March 16, 2010
NORTH JERSEY MEDIA GROUP, INC. D/B/A THE RECORD, PLAINTIFF-RESPONDENT/ CROSS-APPELLANT,
STATE OF NEW JERSEY, DEPARTMENT OF LAW AND PUBLIC SAFETY, DIVISION OF STATE POLICE AND SFC LINDA LARGEY-WHITEHEAD, DEFENDANTS-APPELLANTS/CROSS-RESPONDENTS.
On appeal from the Superior Court of New Jersey, Law Division, Mercer County, L-907-08.
NOT FOR PUBLICATION WITHOUT THE APPROVAL OF THE APPELLATE DIVISION
Submitted January 19, 2010
Before Judges Baxter, Alvarez and Coburn.
Plaintiff, North Jersey Media Group, Inc., is the publisher of a daily newspaper, The Record. It filed a timely action in lieu of prerogative writs to vindicate what it considered to be its right to have copies of State Police records under the Open Public Records Act, N.J.S.A. 47:1A-1 to -13 ("OPRA"), and the common law. The records relate to security services provided to dignitaries by the Executive Protection Bureau, a unit of the State Police. At the conclusion of a summary proceeding, the trial judge entered an order denying access to the records but directing that defendants create a new document containing certain information that might appear in those records.
Defendants appealed and plaintiff cross-appealed. We reverse the sections of the order directing defendants to create and provide a new document with information taken from the existing records, and we vacate and remand those parts of the order denying access to the records.
The Executive Protection Bureau ("EPB"), formerly known as the Executive Protection Unit, provides security services to the Governor and his family and to other officials as directed by the Governor. It also protects visiting out-of-state or foreign dignitaries and former New Jersey governors. In a report issued on July 27, 2007, the Attorney General's State Police Executive Protection Unit Review Panel suggested that the provision of security to former governors, when not based on a specific threat, might be an unwise drain on resources.
Because of the Review Panel's report, plaintiff served the State Police with a written OPRA request for "a list of individuals who have been given details by the [EPB] from January 1, 2005, to July 27, 2007, including the name, date, and points traveled." That request was promptly denied in writing because "the requested list does not exist, and OPRA does not require a custodian to conduct a search[.]" About a week later, plaintiff submitted a second written request, which covered the same time period, this time seeking "records identifying individuals who have been given details by the [EPB][,] to include the person's name, date of detail and points traveled." (Emphasis added.) That request was denied. Counsel for both sides became involved, and a third request, which was identical to the second, was made. Defendants replied to that request by creating and providing a list respecting security services provided to former governors. For each date, the document included the name of the former governor and the towns or cities to which the security detail reported and transported the governor. Plaintiff objected to the list on the ground that it was not a copy of the records in question. By then, plaintiff had limited its request to records relating to former governors. Unfruitful negotiations then led to the filing of the complaint in court and the issuance of an order to show cause.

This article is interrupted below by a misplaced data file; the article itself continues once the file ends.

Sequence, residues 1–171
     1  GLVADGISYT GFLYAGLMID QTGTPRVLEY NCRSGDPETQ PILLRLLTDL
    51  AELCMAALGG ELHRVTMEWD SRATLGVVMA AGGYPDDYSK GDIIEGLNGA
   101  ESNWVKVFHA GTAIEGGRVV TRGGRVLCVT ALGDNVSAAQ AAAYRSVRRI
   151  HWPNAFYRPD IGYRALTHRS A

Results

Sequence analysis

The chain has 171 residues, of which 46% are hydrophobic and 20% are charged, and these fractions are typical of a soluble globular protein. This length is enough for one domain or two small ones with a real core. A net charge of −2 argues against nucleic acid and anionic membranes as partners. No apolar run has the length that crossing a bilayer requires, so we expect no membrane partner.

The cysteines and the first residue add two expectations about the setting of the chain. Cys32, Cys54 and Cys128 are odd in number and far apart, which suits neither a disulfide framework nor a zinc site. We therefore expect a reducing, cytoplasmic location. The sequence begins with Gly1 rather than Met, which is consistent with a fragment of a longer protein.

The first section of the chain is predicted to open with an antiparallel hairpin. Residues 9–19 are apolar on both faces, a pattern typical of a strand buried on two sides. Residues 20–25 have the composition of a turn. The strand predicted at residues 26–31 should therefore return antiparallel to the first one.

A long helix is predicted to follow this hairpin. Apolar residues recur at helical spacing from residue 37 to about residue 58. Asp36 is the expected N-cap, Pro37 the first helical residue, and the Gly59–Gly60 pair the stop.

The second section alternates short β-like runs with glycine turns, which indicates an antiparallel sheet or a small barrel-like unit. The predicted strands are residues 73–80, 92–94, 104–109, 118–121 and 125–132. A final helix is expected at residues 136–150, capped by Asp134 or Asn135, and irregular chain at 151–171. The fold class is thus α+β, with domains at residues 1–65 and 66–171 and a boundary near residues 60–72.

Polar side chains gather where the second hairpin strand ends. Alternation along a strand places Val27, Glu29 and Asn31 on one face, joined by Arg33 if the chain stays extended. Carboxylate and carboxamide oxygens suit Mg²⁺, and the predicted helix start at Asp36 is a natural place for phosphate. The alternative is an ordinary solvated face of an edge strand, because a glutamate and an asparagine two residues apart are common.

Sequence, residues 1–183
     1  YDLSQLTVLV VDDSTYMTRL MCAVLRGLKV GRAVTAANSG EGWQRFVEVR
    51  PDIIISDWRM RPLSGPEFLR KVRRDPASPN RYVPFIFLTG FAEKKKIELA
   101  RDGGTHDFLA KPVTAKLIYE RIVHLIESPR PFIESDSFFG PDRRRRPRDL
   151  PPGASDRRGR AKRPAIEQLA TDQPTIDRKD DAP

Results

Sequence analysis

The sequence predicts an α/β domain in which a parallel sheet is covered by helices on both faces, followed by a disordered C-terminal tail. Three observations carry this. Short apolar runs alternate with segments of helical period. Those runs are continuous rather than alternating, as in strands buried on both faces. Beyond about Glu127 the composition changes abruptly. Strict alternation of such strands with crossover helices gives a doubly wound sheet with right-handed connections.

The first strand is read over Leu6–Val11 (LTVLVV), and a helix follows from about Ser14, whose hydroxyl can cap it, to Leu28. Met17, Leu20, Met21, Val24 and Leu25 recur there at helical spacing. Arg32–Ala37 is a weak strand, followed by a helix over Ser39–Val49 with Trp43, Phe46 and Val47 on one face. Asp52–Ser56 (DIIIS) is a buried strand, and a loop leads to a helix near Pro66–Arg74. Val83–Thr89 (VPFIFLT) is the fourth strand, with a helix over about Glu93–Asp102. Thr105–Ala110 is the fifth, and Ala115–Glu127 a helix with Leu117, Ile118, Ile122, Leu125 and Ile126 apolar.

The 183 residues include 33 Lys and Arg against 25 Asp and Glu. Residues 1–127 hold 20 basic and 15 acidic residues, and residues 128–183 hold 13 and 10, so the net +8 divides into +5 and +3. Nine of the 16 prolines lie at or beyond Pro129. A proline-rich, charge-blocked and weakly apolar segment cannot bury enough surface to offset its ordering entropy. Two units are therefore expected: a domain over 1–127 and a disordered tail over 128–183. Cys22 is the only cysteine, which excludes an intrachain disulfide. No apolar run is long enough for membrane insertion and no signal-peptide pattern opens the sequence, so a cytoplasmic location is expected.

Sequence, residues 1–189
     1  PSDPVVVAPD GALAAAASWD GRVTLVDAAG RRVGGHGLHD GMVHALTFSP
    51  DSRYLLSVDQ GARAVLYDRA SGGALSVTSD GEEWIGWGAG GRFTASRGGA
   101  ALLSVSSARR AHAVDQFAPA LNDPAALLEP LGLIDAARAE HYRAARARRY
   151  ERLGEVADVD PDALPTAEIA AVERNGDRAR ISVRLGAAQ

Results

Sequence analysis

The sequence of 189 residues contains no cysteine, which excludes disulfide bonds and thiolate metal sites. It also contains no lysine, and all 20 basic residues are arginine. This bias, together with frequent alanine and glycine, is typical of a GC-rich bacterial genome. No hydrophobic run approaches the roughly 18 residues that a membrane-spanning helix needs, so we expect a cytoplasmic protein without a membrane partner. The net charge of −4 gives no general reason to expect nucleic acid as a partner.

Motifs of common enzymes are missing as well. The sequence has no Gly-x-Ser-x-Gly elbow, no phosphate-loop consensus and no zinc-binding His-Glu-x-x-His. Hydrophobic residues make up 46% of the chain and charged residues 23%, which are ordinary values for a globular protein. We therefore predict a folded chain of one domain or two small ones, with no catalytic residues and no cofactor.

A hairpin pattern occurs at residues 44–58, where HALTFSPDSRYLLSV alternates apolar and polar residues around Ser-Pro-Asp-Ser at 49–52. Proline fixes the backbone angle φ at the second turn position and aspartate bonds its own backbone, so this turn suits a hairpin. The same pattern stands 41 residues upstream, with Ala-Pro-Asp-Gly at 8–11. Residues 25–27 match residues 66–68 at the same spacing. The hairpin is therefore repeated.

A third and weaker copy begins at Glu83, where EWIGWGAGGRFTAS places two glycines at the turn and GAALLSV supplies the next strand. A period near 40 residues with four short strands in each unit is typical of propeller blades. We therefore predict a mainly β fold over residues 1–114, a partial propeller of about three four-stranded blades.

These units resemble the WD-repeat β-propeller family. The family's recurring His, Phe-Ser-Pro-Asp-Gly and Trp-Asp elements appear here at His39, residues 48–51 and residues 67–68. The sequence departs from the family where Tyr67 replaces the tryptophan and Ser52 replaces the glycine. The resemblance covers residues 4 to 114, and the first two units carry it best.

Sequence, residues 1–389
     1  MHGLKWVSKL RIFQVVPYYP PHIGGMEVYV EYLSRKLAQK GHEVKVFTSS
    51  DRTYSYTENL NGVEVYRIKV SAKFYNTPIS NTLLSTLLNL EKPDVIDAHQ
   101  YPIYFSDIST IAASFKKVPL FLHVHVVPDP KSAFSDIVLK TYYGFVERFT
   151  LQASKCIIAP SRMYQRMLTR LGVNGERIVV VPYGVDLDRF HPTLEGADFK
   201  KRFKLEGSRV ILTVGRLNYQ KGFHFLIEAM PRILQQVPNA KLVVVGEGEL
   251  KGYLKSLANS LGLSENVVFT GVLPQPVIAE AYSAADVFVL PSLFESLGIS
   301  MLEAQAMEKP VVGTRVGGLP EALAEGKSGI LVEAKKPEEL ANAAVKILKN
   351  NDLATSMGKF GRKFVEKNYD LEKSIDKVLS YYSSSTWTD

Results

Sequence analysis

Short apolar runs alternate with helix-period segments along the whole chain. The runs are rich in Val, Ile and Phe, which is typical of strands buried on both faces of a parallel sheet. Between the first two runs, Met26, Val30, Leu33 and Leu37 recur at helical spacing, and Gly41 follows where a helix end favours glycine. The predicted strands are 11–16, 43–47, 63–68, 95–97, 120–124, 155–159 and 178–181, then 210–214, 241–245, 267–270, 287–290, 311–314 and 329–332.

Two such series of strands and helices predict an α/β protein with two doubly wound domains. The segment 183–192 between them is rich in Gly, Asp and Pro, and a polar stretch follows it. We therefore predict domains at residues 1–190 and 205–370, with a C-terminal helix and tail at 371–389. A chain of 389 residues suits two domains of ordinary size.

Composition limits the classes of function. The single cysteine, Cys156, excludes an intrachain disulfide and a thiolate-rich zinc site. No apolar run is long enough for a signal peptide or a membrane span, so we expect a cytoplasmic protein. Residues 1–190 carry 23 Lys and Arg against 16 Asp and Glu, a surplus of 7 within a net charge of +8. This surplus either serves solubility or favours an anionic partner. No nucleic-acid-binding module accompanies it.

In response to the order to show cause, defendants submitted two certifications, one by a Deputy Attorney General ("DAG") and the other by Captain Debra Baker, head of the EPB.
The DAG certified that
This office determined that it could not disclose redacted copies of these records to the requestor with the non-responsive information deemed confidential by the EPB redacted because these records contained such extensive confidential material. Additionally, any such redacted records would have been so heavily redacted as to render such a response unduly burdensome and impractical for all parties.
Captain Baker's certification apparently was based on the assumption that plaintiff wanted records relating not only to former governors but to current officials and visiting dignitaries. Although the certification provides many sound points respecting current New Jersey officials and visiting dignitaries, it does not specifically address the issue of providing information respecting former New Jersey governors. Nor does it discuss whether release of the records relating to former governors would endanger them or compromise the security of the other dignitaries.
As directed by the trial judge, defendants later filed and served plaintiff with a "Vaughn Index." This procedural device was formulated in Vaughn v. Rosen, 484 F.2d 820, 826-28 (D.C. Cir. 1973), cert. denied, 415 U.S. 977, 94 S.Ct. 1564, 39 L.Ed. 2d 873 (1974). When, as here, a party contends that documents are especially sensitive, the Vaughn index may serve to avoid in camera review of the documents by the judge. But the party cannot rely on "'conclusory [or] generalized allegations of exemption[.]'" Loigman v. Kimmelman, 102 N.J. 98, 110 (1968) (quoting Vaughn, supra, 484 F.2d at 826). A court must require "'a relatively detailed analysis in manageable segments,'" including "specificity, separation, and indexing, the latter to provide manageable parts for judicial disposition." Ibid.
The Vaughn index submitted by defendants identifies two sets of documents: 361 "Battle Sheets," and 525 "Edaily" timekeeping sheets. A "Battle Sheet" is described as "a record created by the EPB for each day that an EPB detail is being assigned to any person." It "sets forth the details of the EPB's security details for a particular date." The "Edaily" timekeeping sheets consist of 163 pages. They are computer print-outs from the State Police's internal timekeeping program. They contain "detailed information regarding the relevant member's work shift." The Vaughn index, after so describing the documents, is then limited to a generalized legal argument that disclosure would adversely affect the State Police's ability to protect officials from harm. In passing, we note that the submission appears to be inconsistent with the legal requirements of a Vaughn index.